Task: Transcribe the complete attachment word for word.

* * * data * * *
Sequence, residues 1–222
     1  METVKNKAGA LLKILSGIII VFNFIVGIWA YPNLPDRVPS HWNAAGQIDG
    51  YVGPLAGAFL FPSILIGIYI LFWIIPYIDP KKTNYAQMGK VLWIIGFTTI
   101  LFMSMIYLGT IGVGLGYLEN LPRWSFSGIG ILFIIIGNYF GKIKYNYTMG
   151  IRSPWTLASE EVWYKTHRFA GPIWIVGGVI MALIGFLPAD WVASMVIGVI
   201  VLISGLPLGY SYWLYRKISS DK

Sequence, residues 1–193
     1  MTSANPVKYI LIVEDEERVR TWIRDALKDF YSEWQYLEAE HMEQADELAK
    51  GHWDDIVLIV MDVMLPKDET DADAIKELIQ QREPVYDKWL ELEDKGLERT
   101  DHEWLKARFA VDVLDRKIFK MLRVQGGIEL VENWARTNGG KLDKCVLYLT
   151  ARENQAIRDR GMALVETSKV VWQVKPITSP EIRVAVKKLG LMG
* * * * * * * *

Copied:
Sequence, residues 1–222
     1  METVKNKAGA LLKILSGIII VFNFIVGIWA YPNLPDRVPS HWNAAGQIDG
    51  YVGPLAGAFL FPSILIGIYI LFWIIPYIDP KKTNYAQMGK VLWIIGFTTI
   101  LFMSMIYLGT IGVGLGYLEN LPRWSFSGIG ILFIIIGNYF GKIKYNYTMG
   151  IRSPWTLASE EVWYKTHRFA GPIWIVGGVI MALIGFLPAD WVASMVIGVI
   201  VLISGLPLGY SYWLYRKISS DK

Sequence, residues 1–193
     1  MTSANPVKYI LIVEDEERVR TWIRDALKDF YSEWQYLEAE HMEQADELAK
    51  GHWDDIVLIV MDVMLPKDET DADAIKELIQ QREPVYDKWL ELEDKGLERT
   101  DHEWLKARFA VDVLDRKIFK MLRVQGGIEL VENWARTNGG KLDKCVLYLT
   151  ARENQAIRDR GMALVETSKV VWQVKPITSP EIRVAVKKLG LMG